Beef Satay

This entry is filed under Appetizer Recipes, Asian Recipes.

Satays are possibly the most famous food to come out of South East Asia. These succulent little morsels on sticks are made from chicken, pork, beef and seafood, although chicken is probably the most popular. Satays are perfect finger food, making them ideal for parties and BBQ’s. But rather buying them off the deli counter at your local supermarket, try making your own, the taste is incomparable.

Serves: 4
Preparation & Cooking Time: 15 minutes + marinading time
Effort Level: easy
Shelf Life: best eaten immediately, will keep 3 days in fridge

500g Meat (Chicken breast, blade of beef, pork loin)
Spice Paste Marinade
2 tbsp sunflower oil
2 tsp fish sauce
4 garlic cloves
3 shallots
2 red bird eye chillies
20g fresh ginger root
½ stalk lemon grass
1 tbsp coriander seeds
2 tsp cumin seeds
1 tsp turmeric
1 tsp salt

Food processor
Pestal and mortar
Plastic bag
Small wooden skewers

N.B: The trick to having juicy satays and not dried up ones, is to thread small pieces of meat onto the sticks, so they cook quickly.

Here’s What You Do:
Slice the meat into thin ribbons no thicker than 1cm then cut into small strips and tip into the bag.

Toast the coriander and cumin seeds for a couple of minutes then blitz to a powder in a spice grinder or pestal and mortar and tip into the food processor with all the ingredients and blitz to a paste.

Massage the paste over the meat, coating all the pieces thoroughly. Stick the bag in the fridge for a minimum of two hours preferably overnight.

Soak the wooden skewers in water for 30 minutes, to prevent them from burning.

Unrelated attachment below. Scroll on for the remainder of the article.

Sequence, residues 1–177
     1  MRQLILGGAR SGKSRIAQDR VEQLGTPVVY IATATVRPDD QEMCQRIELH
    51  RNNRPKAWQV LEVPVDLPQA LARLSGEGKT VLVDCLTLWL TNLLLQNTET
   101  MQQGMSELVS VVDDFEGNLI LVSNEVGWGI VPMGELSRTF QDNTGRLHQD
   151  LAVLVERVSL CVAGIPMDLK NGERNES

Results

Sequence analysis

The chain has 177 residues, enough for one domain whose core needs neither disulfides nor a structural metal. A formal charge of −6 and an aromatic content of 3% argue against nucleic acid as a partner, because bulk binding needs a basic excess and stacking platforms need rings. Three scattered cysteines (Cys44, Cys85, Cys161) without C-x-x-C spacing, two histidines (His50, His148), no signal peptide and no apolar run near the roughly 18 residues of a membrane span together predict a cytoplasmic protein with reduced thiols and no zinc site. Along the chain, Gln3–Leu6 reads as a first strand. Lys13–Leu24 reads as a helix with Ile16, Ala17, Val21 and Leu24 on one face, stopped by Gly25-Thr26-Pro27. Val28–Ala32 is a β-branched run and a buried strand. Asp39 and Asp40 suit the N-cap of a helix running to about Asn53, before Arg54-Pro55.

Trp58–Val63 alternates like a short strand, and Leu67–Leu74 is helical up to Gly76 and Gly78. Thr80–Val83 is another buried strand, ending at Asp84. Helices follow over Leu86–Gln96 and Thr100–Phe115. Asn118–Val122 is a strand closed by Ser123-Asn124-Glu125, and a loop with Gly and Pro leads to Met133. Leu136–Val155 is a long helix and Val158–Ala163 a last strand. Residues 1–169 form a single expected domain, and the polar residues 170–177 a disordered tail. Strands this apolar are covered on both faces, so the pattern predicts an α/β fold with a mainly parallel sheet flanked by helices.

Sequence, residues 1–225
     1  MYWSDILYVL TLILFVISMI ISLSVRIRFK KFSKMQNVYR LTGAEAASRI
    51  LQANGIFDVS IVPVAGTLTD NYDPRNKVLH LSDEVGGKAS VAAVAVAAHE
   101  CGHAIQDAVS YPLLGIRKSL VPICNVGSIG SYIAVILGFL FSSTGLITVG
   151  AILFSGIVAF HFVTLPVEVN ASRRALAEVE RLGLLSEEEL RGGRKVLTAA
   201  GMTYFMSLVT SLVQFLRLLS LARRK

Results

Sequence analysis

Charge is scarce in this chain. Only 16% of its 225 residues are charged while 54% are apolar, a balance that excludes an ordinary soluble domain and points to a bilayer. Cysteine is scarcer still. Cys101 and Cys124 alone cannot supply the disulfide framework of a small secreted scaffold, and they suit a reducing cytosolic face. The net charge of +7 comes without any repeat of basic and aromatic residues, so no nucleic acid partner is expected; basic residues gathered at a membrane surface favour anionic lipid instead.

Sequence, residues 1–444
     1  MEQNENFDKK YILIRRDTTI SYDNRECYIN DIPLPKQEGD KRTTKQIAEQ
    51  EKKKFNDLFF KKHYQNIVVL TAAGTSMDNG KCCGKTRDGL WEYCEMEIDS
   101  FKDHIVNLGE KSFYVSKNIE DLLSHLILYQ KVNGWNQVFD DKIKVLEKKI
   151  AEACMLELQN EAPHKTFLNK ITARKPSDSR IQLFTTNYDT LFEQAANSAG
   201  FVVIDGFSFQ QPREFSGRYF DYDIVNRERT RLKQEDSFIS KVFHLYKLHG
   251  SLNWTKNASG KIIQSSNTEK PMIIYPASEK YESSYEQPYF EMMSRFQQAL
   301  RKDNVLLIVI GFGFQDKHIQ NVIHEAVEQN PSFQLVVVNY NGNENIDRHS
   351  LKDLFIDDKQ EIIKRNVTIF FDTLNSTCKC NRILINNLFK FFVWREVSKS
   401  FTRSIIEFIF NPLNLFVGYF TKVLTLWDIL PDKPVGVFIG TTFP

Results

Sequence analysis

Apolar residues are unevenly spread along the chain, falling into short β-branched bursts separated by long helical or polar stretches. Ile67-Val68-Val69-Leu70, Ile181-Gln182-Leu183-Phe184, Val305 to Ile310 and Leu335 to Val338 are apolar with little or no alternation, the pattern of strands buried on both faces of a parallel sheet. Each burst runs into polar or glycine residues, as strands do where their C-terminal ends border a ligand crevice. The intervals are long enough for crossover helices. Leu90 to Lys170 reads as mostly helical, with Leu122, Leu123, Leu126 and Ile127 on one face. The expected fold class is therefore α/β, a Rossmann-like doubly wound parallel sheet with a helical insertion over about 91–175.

When you’re ready to cook, weave the meat onto the skewers.

Preheat the grill to highest setting and grill for 2-3 minutes each side.

Serve with one of the following sauces 
spicy peanut sauce
satay sauce
cucumber dipping sauce

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3 Responses to “Beef Satay”

  1. Natasha says:

    Softest satay scewers I have ever had, or made. Fantastic!

  2. Uma says:

    Dear Natasha,

    Yes blade is a shoulder cut – for more info you can google it. The most tender part of the blade is called the ‘bowler’ and is also known as poor mans fillet steak.

    Re the skewers: It’s while ago that I made them and I think I used about 20 or so skewers that were approx 8cm in length.
    you can slice the meat lengthways or widthways which ever you prefer.

    I love Asian food with a passion and I’m guessing from this and the Vietnamese chicken balls you do too.
    if so you must make the creamy peanut chilli chicken with Asian slaw, it really is superb.
    Too bad you’re so far away Natasha, judging from your surname you’ve returned home to Germany?

    Let me know how you get on.

  3. Natasha says:

    Hi Uma, blade of beef – is it a shoulder blade cut? How many skewers should I make with this amount of meat? Trying to visualise the resulting meat strips, guess they will be 1cm wide, less than that think, and as long as the diameter of the cut? I guess you talk through those things in your courses which I would have gladly attended, should I have known about you when I lived in Broadway, Worcestershire some years back… Now I am in the northern Germany, and can’t really join your lessons.

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